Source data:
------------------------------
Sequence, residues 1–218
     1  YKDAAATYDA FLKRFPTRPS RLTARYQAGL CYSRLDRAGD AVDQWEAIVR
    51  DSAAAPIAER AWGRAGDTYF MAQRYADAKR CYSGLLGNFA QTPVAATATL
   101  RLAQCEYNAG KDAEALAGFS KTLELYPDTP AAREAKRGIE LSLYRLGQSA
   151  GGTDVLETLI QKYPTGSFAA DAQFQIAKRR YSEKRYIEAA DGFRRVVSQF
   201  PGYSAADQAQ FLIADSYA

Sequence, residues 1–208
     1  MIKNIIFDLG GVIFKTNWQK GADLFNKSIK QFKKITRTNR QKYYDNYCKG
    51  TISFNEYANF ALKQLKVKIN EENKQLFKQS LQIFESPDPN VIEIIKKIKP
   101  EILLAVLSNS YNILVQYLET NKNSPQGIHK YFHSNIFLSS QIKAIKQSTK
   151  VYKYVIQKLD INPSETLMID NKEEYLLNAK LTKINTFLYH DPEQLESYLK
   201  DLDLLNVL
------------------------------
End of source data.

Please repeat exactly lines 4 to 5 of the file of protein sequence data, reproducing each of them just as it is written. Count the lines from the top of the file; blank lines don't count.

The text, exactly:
   101  RLAQCEYNAG KDAEALAGFS KTLELYPDTP AAREAKRGIE LSLYRLGQSA
   151  GGTDVLETLI QKYPTGSFAA DAQFQIAKRR YSEKRYIEAA DGFRRVVSQF